January 29, 2010

Shorter Menstrual Period

Posted in Category : Women's Health

If the menstrual cycle does not last for more than three days, there is nothing irregular or unusual about this. There are several misconceptions attached to the fact that a shorter menstrual cycle can lead to all types of health or medical problems. There is very little truth in these. Unless a monthly period lasts less than a couple of days, there should be no cause for concern. If it is two days, it definitely merits a medical examination. It is always safer to determine that there is no problem with this pattern than it is to allow any probable problem to fester. Sometimes, in people who have other related problems, an extremely short menstrual cycle can be just a spin off. However, it is always safer to decide these things after a medical diagnosis has been made positively. If the person suffering from short menstrual cycles is obese, this could be a potential cause of the problem. Obesity can lead to reduction of the entire cycle, as it generally interferes with other aspect of normal body functioning. One of the best ways to tackle this issue and determine that obesity is not the cause of the problem would be to begin attempts to lose weight. A steady dose of regular exercise and diet control can help to lose weight quickly and effectively. Going on a low carbohydrate diet can be extremely helpful in this regard.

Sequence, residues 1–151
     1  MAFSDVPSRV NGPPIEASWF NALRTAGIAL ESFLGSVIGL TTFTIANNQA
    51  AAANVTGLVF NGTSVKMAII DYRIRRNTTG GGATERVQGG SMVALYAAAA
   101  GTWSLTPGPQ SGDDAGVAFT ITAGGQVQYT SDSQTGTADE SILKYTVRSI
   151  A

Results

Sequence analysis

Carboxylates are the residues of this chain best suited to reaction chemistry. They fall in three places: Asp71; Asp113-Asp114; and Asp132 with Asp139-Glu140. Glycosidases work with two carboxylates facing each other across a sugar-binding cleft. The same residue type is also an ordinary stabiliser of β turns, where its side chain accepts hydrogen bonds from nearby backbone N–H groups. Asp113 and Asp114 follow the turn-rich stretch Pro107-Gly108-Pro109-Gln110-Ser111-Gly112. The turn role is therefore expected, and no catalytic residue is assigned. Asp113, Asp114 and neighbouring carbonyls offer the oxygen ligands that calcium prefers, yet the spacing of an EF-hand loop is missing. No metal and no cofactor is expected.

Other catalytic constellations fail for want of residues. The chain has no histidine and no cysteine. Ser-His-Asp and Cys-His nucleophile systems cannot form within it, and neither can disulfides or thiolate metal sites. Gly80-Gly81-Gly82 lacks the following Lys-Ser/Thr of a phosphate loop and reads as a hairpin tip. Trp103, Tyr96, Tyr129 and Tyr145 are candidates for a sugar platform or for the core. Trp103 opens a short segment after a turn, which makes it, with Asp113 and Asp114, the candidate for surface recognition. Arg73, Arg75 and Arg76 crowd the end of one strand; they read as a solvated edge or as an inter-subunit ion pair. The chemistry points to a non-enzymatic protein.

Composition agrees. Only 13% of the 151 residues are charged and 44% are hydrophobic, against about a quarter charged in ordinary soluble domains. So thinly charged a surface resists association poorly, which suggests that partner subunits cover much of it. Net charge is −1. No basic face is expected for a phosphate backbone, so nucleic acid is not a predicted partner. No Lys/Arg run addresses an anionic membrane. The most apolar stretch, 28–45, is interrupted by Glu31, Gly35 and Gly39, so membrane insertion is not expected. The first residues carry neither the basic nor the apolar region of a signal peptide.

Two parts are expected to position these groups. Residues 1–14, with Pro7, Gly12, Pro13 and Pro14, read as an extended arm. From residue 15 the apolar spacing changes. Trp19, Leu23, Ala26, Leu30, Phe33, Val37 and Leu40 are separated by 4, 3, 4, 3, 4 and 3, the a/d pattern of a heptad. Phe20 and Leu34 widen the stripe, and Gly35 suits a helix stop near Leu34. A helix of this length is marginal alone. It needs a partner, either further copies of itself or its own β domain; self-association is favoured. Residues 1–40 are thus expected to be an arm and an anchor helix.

Irregular Menstrual Cycles

Apart from this, trouble such as polycystic ovarian disorder can also contribute towards irregular menstrual cycles. Sometimes, there is a single cycle in three months or some such similar time line. If this cycle lasts for about five days, it can also be perceived as out of ordinary or not normal. This, however, may not always be the case. If the body is able to ovulate about once in three months, this does not mean that the menstrual cycle will last for the duration of three times a regular cycle. The cycle will still last only as long as it normally would with a monthly ovulation. These are fairly general considerations that can be applied to women with fairly general problems. A day or two’s worth of bleeding during a menstrual cycle can indicate that lack of ovulation. It is also good to know that the amount of bleeding that would be considered normal for a regular menstrual cycle would yield fluid that would fit in a cup made with both hands.